You’ll know why I’m thinking along these lines if you read the note we sent you on Sunday evening. To repeat, in case you didn’t: last week’s contributor, Pr. Todd Murken, was fatally injured in a bicycle accident this past Friday. A day earlier you had gotten Part One of his “Play-By-Play Liturgy.” Part Two was due this week. You won’t find it here, at least not yet. Better, it seems to me, that we should pause to thank the Lord Christ for a faithful, gifted servant, and after that to praise him for keeping Todd in his own most blessed remembrance as yet another of God’s cherished saints to whom the Promise forever applies.
I didn’t know Todd well. Nor did most of you, I suspect. One member of our editorial team didn’t know him at all. The likes of us would leave him forgotten within a day or two of next week’s post. Shame on us, but life rolls on; or so we’ll want to mumble in our standard, useless effort to excuse our shame. Confessing that, let Christ be thanked as well, and from the bottom of every heart, for remembering on our behalf, as we cannot, and granting us the credit for it. There’s a reason, by the way, why Christ’s death was an explicitly shameful death. How else would he silence Shame’s whining “Accuso,” the one we can’t shrug off? This too is how we find ourselves, with Todd, among those who are being saved.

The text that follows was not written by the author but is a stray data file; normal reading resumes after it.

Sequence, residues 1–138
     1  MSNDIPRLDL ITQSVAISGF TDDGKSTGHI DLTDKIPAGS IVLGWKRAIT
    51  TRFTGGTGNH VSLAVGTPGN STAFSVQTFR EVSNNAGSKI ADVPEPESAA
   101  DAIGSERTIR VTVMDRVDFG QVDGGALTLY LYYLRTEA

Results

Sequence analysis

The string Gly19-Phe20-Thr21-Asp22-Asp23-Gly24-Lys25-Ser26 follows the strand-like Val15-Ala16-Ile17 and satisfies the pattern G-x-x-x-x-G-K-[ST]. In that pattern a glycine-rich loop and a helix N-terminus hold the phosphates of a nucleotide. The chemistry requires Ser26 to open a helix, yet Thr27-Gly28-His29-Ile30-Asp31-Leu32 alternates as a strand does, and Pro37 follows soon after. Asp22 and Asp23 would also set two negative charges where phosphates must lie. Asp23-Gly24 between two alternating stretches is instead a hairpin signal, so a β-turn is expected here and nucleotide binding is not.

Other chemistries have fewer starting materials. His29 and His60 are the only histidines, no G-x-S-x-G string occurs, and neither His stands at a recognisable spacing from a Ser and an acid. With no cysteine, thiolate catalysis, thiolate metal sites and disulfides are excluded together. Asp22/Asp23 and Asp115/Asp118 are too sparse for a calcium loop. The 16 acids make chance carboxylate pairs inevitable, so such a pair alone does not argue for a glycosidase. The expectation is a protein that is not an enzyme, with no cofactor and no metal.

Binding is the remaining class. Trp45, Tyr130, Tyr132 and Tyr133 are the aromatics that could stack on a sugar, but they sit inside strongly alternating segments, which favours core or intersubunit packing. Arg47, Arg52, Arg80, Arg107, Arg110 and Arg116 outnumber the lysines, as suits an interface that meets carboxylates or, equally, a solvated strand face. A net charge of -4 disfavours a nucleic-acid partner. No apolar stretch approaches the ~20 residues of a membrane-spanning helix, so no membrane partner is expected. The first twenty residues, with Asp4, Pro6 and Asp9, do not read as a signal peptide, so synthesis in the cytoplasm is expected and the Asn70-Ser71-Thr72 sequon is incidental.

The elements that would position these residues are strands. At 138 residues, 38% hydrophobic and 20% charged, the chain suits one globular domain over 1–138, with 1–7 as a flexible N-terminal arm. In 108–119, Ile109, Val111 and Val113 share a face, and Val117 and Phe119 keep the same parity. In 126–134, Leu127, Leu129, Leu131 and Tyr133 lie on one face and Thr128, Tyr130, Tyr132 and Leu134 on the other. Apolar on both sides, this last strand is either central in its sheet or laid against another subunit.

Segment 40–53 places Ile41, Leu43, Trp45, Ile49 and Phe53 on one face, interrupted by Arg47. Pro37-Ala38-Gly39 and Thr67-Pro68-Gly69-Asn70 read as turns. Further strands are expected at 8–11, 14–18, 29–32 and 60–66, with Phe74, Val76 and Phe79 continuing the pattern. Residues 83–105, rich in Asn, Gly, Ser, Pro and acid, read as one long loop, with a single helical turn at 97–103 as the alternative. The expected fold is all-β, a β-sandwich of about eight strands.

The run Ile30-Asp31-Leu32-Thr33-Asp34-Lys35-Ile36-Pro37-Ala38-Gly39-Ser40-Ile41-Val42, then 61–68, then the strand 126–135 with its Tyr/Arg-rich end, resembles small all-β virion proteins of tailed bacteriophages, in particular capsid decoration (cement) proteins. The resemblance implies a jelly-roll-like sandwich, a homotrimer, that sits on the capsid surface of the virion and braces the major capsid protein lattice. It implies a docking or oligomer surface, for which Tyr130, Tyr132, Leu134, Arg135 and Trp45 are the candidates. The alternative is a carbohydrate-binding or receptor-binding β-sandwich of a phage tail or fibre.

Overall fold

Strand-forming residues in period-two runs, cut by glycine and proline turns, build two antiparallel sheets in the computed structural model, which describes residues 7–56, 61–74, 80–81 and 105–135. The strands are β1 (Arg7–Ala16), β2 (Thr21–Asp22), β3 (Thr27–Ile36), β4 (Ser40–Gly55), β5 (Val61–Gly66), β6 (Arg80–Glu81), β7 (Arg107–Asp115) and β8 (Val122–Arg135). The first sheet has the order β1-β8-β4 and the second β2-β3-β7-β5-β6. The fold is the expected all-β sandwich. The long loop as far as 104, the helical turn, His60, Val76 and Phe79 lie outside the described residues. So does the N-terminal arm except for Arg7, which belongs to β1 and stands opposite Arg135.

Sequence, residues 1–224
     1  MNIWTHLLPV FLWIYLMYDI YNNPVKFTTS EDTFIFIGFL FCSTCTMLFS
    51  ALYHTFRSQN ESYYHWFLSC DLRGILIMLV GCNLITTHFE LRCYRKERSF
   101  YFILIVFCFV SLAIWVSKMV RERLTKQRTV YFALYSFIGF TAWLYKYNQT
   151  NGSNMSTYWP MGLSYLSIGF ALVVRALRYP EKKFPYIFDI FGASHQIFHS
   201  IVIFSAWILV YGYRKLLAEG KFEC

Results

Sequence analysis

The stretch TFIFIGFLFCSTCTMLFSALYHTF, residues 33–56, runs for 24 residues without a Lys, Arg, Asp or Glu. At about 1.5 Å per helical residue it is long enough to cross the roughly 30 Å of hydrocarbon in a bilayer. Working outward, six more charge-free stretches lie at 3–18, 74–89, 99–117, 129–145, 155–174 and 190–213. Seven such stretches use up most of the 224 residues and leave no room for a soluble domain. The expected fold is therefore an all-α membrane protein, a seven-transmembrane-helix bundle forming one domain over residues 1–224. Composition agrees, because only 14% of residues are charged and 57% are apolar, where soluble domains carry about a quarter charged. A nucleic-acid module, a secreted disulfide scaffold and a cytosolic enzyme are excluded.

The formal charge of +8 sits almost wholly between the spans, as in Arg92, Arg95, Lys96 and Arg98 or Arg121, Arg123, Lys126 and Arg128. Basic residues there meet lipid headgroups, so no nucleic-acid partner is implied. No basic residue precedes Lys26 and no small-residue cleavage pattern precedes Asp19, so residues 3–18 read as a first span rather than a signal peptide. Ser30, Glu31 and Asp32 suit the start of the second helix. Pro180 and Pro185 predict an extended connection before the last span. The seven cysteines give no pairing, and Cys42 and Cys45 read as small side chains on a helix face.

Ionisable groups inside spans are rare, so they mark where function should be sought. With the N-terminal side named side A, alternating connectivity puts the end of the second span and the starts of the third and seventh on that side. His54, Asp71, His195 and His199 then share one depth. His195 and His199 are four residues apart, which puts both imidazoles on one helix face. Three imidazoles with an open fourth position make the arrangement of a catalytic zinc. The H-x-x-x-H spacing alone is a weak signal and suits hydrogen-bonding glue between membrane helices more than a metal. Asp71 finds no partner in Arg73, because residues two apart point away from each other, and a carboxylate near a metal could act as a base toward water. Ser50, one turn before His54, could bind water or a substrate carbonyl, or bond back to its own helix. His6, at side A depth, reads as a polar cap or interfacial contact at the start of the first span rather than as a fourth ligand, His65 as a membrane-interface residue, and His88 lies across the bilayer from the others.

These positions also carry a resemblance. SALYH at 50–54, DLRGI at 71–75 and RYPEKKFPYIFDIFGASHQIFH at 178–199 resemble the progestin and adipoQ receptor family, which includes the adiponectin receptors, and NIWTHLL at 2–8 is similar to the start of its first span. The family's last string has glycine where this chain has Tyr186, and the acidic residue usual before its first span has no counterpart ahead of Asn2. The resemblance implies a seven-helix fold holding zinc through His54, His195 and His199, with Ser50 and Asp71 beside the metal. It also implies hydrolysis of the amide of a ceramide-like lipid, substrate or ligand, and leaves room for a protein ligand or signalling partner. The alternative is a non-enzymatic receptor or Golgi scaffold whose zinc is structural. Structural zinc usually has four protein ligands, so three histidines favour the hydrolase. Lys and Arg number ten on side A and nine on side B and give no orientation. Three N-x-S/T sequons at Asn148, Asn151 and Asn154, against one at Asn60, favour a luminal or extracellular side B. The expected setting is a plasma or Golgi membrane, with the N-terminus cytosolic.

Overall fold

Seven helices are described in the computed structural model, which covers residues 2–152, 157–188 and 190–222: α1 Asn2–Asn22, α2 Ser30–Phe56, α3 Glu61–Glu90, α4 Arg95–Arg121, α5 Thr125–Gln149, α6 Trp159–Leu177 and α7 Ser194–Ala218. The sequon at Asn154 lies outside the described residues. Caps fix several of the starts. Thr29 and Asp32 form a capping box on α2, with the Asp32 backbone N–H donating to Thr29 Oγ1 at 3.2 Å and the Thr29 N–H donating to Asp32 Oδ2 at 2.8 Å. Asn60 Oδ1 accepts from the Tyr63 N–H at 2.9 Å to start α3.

I mentioned last week that Todd did his doctoral work on Eucharistic theology. I wonder what he made of that final line in the Words of Institution, “Do this in remembrance of me.” Here’s my own present take on it: we remember Christ precisely because he remembers us all. Comes the wonder: in remembering him alone, we can’t help but remember each other, including the countless each-others that he alone knows. Blessed remembrance indeed! Something to think about, perhaps, the next time you go to the Table.
Meanwhile, in lieu of Part Two of Todd’s piece—as intimated, we’ve pushed that off till next week-we send along tributes from three colleagues who did know him well. Like everything else we may say about each other, these tributes are fragile and fleeting, read today, swept quickly away in tomorrow’s flood of information. Read and ponder anyway. Todd’s Christ will be pleased. Then he’ll stash what you read in the one mind, God’s, where all good words abide forever, above all the ones that Christ himself keeps saying about us all. In light of that, a prayer:
“O God our help in ages past, / our hope for years to come: / be Thou our guard while troubles last / and our eternal home.” —Isaac Watts